There are many ways to kill a dragon. I counted several hundred strong-man dragon interventions in the almost one hundred books I read when I was snake-charmed by the subject. Courage, strength and cleverness were the qualities looked for in a dragon vanquisher. Many battles led to happy endings where the victor gained a wife.
Myths and legends are a little like spring garden catalogs, offering pictures of the ways a man can gain a mate along with instructions to society and its women on how to best encourage the man’s strong features. Our catalog of stories for the last few thousand years have offered guidance for the families of the women on how to pick strong, protective men for their grown-up little girls. When women began to pick their own husbands, they sought men with qualities that society respected, men with strength and streaks of independence, men who could be relied upon when dragons reared their heads.
Gilgamesh slew a dragon-like creature, a stand-in for the goddess, when records of these stories first emerged. Not just the Indo-Europeans, but Semitic, Asian and aboriginal peoples revel in these tales of acts of courage in gaining honor and a wife. Not incidentally, dragon slayers were crushing symbols of the old societies, the demonized serpent and the social structures that these symbols represented.
In goddess cultures, children were often raised by mothers and mothers’ brothers because they frequently had no idea who their father really was. Women controlled procreation. The exchange rate for acts of valor was depreciated by the fact that the man received no family in exchange for his courageous actions. To achieve the opportunity to have children, men had to impress the women in other ways. Women were not looking for the high testosterone guy who could fend off other tough guys, collect lots of stuff and make sure his wife did not dally around while she took care of the kids that he was sure were his own. Women were not looking for providers.
I am suggesting that before the Indo-Europeans, if a man sought a mating opportunity, he would have to dance his way into her heart. It is back when the women were strong and the men were good looking.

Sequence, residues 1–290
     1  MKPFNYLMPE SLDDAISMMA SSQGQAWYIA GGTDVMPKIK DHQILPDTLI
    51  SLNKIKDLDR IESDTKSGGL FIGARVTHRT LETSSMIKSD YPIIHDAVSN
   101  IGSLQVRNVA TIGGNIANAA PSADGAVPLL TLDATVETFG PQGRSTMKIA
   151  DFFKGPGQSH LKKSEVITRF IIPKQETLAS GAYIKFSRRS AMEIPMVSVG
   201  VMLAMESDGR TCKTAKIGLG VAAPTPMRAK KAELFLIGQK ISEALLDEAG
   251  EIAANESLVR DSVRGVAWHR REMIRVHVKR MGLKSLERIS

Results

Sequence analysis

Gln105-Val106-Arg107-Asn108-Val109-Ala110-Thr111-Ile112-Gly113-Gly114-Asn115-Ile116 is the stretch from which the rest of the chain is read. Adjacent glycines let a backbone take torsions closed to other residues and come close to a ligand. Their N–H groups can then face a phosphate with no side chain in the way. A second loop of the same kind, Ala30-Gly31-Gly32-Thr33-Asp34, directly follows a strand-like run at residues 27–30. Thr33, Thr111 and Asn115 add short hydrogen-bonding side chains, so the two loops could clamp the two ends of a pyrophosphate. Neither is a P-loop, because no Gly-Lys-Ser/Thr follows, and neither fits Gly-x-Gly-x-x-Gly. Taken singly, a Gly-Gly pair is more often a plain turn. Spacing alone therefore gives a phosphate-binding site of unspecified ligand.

Well, those days are back again.
In just a little more than a single generation, there has been an extraordinary transformation in the criteria that a woman uses to pick a mate. We’d have to go back 6500 years, before the Indo-Europeans came barreling out of Southern Russia, to see anything like what has emerged of late. A host of factors have contributed to the transformation, including high divorce rates, high percentages of women employed in the work force, women with higher educations, increased leisure time, fewer children, children not dying of diseases, women not dying in childbirth and having children later in life. These are all factors contributing to a resurgence in an autonomous, self-assured female population confident that goals can be achieved without relying upon a dragon-slayer husband.
Add to that how few dragons there are left to slay. Strength and cunning are little needed in modern society, certainly far less than when life was arbitrary, short, cruel, brutal, etc. Many of the most successful men today are dancers of the mind, pattern manipulators, technical specialists, men that can find ways to be paid to encourage cooperation. Women are rejecting macho, seeking mucho. Mucho attention. What women want now is a man that offers a better quality of life in the form of a man that can contribute to her feeling loved and strong.
Hence the emergence of the autistic.
High testosterone females mating with low testosterone males created the foundation for matrifocal society, the goddess cultures. Vanquished for several thousand years, this societal hormonal constellation is making a major, sudden comeback. High testosterone males mating with low testosterone females, though still a powerful current in contemporary culture (visualize Republican), is a current on the wane. Three forces are converging, creating an environment where the autistic is returning, except that the world is not exactly prepared for his and her return.
High testosterone females produce maturational delayed, low testosterone males and maturational accelerated, high testosterone females. Maturation rate is determined on a day several weeks before birth, based upon the mother’s hormone levels. Male decelerating maturational delay, in combination with other variables, can lead to autism. For females, maturational acceleration can have the same result.
Choosing our mates in an ancient fashion draws from the past, favoring types of individuals with physiological/neurological features born perhaps over 100,000 years ago. Our challenge and opportunity is to provide an environment where those features can mature.